Human embryos have been grown outside a womb for two weeks, doubling the previous record. This study, carried out so scientists could experiment, has ignited a new round of debate of the ethics of human engineering.

In vitro fertilization does not usually extend past the implantation stage — the time during which fertilized eggs would normally implant themselves into the womb. This new research marks the first time that human embryos have been grown in vitro past this stage.

"Implantation is a milestone in human development as it is from this stage onwards that the embryo really begins to take shape and the overall body plan are [sic] decided. It is also the stage of pregnancy at which many developmental defects can become acquired. But until now, it has been impossible to study this in human embryos," Magdalena Zernicka-Goetz of the University of Cambridge said.

Following fertilization, human eggs start to divide into a small ball of stem cells, each capable of developing into any type of cell. Within three days, these cells begin to move to specific locations, a period where the developing bundle is known as a blastocyst. At this point, the cells are composed of the epiblast, which will form the body, an endoderm, essential for the development of organs, and cells that will form the placenta.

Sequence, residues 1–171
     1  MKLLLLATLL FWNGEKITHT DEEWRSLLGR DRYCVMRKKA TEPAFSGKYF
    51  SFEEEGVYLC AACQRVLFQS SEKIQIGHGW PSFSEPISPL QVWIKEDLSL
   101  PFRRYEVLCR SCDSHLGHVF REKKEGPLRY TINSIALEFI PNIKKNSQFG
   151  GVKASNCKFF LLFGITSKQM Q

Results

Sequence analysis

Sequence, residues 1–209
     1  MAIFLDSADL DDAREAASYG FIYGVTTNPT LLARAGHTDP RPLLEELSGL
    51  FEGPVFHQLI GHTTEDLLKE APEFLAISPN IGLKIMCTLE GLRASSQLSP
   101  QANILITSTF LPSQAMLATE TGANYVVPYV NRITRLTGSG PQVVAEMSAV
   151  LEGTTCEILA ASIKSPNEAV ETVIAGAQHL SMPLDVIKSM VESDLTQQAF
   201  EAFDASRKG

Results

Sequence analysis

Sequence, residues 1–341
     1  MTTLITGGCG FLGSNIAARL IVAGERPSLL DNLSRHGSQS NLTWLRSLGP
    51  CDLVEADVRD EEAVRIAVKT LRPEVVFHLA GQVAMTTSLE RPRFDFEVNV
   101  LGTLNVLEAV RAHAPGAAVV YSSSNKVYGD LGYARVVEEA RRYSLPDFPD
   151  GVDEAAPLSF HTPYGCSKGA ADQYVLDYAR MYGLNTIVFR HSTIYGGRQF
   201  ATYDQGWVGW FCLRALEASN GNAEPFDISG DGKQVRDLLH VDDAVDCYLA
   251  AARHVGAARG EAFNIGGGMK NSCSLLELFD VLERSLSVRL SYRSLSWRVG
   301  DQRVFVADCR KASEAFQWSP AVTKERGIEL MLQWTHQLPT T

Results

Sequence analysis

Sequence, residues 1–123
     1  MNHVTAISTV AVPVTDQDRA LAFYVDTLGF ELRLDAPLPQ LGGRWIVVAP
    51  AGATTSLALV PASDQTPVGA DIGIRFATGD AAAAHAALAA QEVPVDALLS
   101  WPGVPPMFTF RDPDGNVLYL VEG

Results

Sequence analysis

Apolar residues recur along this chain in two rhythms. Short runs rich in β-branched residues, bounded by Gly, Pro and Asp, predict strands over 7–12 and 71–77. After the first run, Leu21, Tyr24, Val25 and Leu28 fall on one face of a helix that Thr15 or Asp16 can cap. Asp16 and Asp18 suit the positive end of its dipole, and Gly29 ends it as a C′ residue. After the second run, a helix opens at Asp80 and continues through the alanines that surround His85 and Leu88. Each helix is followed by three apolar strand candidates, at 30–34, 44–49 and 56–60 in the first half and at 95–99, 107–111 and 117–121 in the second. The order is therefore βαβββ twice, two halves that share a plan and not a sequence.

One week after fertilization, the cluster must implant into a womb in order to survive. This problem prevented researchers from studying embryos in the laboratory past this early stage of development. However, laws in the United Kingdom (UK) allow researchers to study these bodies up to two weeks after fertilization.

Soon after implantation, embryos develop a cavity, which develops into the fundamental structure of the developing body. Previously, medical researchers believed this cavity was the result of apoptosis, or programmed cell death. This new investigation reveals this process is not needed for the developing body of cells.

Study of how developing embryos change between one and two weeks could allow investigators to learn more about miscarriages. A failure to implant in wombs is a leading cause of early accidental terminations.

Development of techniques to extend the life of embryos past the implantation stage and examination of how they develop was profiled in Nature Cell Biology.

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